One of Germany’s biggest and best-known resorts, Bavarian Alpine village Oberstdorf is popular with families year round. It’s home to Heini-Klopfer-Skiflugschanze, the world's second largest ski-jumping hill (and site of the famous "agony of defeat" ski-jump wipeout clip from ABC's Wide World of Sports). Nearby are the ski areas of Nebelhorn, Kanzelwand/Fellhorn and Kleinwalsertal.
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Walk atop Rothenburg’s city walls or climb to the top of the town hall for great... more
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Rothenburg
Walk atop Rothenburg’s city walls or climb to the top of the town hall for great views. The Night Watchman tour is an unforgettable way to learn the city’s history. And our travelers also recommend the Medieval Crime Museum (Mittelalterliches Kriminalmuseum)—it’s gruesome but fascinating.
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Winter sports enthusiasts will love Berchtesgaden, a village in the German Alps... more
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Berchtesgaden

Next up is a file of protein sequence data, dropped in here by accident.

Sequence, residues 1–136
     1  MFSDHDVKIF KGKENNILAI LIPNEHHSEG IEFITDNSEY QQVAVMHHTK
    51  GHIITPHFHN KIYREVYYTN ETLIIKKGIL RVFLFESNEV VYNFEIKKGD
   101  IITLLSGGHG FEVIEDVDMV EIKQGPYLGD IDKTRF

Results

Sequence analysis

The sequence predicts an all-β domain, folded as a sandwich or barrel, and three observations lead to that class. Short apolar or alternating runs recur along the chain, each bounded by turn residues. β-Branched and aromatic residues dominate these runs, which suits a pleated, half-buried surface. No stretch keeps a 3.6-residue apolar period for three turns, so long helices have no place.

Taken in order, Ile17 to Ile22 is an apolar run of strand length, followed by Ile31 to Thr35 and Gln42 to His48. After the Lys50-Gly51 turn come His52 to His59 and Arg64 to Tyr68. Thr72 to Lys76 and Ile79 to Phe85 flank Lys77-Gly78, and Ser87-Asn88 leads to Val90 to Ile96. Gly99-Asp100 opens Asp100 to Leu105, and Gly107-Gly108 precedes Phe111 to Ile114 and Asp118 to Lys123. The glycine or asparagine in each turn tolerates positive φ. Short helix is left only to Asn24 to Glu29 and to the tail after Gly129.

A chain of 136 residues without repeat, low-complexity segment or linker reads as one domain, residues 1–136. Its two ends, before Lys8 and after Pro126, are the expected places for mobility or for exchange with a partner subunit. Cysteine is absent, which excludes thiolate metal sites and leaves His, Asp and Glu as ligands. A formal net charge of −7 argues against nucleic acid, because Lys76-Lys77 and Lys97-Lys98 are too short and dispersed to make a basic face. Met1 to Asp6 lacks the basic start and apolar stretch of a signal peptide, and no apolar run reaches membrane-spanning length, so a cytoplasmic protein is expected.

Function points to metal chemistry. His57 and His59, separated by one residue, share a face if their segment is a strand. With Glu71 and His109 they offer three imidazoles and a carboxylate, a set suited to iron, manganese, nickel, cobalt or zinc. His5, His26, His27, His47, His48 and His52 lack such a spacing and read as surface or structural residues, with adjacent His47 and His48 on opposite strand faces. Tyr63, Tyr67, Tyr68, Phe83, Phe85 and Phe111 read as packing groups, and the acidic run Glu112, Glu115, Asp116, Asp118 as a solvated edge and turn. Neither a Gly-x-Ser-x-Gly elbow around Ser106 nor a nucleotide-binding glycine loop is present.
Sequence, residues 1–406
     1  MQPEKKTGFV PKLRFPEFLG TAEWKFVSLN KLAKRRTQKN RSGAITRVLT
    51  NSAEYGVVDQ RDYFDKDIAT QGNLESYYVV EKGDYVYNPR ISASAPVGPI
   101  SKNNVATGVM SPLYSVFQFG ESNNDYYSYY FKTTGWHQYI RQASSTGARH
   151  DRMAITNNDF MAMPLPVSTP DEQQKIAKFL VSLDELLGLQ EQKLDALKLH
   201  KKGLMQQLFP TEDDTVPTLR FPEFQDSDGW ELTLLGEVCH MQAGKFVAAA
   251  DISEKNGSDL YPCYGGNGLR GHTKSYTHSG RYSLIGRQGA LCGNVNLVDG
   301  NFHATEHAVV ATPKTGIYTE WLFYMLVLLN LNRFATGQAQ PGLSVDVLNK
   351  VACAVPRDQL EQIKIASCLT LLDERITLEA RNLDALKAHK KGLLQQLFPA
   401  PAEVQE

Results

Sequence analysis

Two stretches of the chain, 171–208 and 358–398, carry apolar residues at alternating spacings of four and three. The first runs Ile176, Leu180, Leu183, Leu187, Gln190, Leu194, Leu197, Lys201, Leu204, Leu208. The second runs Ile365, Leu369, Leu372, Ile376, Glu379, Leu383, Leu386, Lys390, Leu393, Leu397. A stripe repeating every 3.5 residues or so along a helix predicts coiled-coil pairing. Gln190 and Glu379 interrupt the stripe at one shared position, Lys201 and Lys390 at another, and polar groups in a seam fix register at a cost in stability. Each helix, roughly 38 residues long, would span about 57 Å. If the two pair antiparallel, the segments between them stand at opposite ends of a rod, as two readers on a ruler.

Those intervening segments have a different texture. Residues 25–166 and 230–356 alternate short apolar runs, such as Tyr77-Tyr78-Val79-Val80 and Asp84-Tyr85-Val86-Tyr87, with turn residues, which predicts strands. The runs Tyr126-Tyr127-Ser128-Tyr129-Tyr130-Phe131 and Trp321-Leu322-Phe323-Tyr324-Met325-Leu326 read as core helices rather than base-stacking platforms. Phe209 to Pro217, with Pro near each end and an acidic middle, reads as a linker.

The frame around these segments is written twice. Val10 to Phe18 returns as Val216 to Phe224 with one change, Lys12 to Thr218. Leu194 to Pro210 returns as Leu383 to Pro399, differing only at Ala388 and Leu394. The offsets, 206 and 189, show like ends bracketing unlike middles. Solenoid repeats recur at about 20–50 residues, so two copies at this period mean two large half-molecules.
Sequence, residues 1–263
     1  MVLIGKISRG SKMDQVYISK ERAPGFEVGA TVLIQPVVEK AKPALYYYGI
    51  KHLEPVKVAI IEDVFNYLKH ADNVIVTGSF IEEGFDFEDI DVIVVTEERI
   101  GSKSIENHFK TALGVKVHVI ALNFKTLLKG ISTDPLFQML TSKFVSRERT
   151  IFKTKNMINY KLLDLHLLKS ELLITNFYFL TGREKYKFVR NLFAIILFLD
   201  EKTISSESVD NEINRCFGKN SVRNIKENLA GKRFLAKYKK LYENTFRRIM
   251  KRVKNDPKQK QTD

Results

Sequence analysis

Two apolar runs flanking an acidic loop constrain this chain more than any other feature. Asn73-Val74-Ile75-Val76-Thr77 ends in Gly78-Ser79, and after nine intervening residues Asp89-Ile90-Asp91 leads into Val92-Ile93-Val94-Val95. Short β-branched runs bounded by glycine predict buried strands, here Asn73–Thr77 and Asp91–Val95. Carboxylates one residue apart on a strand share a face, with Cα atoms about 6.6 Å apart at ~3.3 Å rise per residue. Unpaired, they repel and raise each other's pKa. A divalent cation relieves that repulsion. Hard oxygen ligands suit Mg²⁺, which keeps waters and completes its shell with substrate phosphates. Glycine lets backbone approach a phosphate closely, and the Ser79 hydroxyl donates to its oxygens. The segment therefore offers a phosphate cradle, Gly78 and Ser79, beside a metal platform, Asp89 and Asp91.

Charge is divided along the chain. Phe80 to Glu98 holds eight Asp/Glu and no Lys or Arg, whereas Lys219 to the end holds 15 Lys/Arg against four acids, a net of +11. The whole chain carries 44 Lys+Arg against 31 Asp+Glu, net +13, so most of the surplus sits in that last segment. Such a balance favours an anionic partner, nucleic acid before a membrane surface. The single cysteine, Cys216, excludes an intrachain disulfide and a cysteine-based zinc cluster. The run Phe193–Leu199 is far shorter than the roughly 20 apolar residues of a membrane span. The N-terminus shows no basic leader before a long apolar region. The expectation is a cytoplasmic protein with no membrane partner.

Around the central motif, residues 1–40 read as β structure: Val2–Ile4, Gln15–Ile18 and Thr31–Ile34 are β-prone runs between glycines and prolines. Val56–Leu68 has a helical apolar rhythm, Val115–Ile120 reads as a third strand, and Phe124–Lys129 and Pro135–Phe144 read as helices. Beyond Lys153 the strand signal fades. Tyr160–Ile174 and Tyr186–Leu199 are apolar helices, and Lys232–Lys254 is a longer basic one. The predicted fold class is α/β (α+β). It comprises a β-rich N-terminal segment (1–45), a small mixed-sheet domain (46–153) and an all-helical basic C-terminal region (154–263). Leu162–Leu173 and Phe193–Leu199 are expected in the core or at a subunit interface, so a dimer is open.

Winter sports enthusiasts will love Berchtesgaden, a village in the German Alps with several ski slopes and a top-notch bobsled track. Visit the Berchtesgaden Salt Mines (TripAdvisor travelers rave about their slides!). Nearby Lake Königsee makes a great day trip.
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The capital of North Rhine-Westphalia, Dusseldorf is a regional economic... more
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Dusseldorf
The capital of North Rhine-Westphalia, Dusseldorf is a regional economic powerhouse straddling the banks of the Rhine River. Altstadt is not just Dusseldorf's lovely old town, but also where the city's nightlife is based and where Altbier, its native dark beer, is plentiful. Dusselforfians take their beer seriously. Königsallee (Ko to the locals), Dusseldorf's famous shopping street, has many high-end stores. And the Museum Kunst Palast has one of the Rhineland's best art collections.